A leprechaun colony, the world’s smallest park and some Hibernian horticulture are intertwined, blending in Portland, Oregon. It all started when Dick Fagan returned from World War II. As a journalist at the daily Oregon Journal, he was sitting at his desk alongside a second-floor window one day in the downtown Jackson Tower at Broadway and Yamhill, Portland. A circular hole in the median below caught his eye. Meant to receive a light standard which had never arrived, it was now overgrown with weeds.
Fagan started replacing the weeds with flowers and one thing leading to another, it became Mills Ends Park, named after his newspaper column and dedicated on 17 March 1948.
The only leprechaun colony west of Ireland, or so Fagan claimed, it was overseen by the head leprechaun Patrick O’Toole. Presumably Patrick spent his time cultivating shamrocks and other Hibernian horticultural pursuits. Perhaps not though Solanum tuberosum, given the restrictions in cultivatable space. But who could tell as the only one who could see the wee leprechaun was Fagan himself. And if Portland’s mayor displeased the newspaper columnist, he’d report the dire threats promulgated by Patrick.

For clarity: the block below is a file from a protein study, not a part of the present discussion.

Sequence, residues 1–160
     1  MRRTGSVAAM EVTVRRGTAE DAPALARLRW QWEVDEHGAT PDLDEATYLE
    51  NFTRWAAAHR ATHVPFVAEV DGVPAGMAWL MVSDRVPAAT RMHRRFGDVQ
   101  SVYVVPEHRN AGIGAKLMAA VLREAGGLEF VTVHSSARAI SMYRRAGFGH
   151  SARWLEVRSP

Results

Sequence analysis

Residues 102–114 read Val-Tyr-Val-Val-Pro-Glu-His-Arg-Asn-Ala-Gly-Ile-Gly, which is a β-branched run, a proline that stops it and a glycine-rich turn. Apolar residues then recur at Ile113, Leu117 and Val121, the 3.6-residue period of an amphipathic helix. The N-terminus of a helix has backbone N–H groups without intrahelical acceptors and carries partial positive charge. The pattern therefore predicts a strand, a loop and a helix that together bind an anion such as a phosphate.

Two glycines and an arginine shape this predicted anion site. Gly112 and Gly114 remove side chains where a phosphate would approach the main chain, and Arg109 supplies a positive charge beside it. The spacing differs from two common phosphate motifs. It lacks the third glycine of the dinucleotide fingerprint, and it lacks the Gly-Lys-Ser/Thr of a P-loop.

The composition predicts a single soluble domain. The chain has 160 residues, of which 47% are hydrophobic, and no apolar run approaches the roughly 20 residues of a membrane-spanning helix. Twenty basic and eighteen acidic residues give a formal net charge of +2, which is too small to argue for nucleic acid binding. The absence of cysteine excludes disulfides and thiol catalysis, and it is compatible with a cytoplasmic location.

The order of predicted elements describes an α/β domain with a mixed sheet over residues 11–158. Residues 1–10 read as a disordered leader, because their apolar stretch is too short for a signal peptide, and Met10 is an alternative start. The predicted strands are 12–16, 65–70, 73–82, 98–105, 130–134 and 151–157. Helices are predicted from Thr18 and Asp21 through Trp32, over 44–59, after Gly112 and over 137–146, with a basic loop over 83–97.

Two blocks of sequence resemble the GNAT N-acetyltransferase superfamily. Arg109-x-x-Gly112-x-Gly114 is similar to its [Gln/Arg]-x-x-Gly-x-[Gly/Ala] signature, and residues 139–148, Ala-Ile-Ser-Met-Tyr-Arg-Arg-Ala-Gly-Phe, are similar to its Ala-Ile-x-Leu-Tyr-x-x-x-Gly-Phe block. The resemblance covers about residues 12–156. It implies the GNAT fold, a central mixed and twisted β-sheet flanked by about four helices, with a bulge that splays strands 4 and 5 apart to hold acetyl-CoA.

It became an official park in 1976, six years after Dick Fagan’s death. With a total area of just 452.16 square inches, it is recognized by Guinness World Records as the world’s smallest park. Whether Fagan’s friend Patrick O’Toole still resides there, especially following President Trump’s campaign against illegal immigrants—is unknown. The City of Portland now maintains the park.
Wes Porter is a horticultural consultant and writer based in Toronto. Wes has over 40 years of experience in both temperate and tropical horticulture from three continents.
Pursuant to Title 17 U.S.C. 107, other copyrighted work is provided for educational purposes, research, critical comment, or debate without profit or payment. If you wish to use copyrighted material from this site for your own purposes beyond the 'fair use' exception, you must obtain permission from the copyright owner. Views are those of authors and not necessarily those of Canada Free Press. Content is Copyright 1997-2017 the individual authors. Site Copyright 1997-2017 Canada Free Press.Com Privacy Statement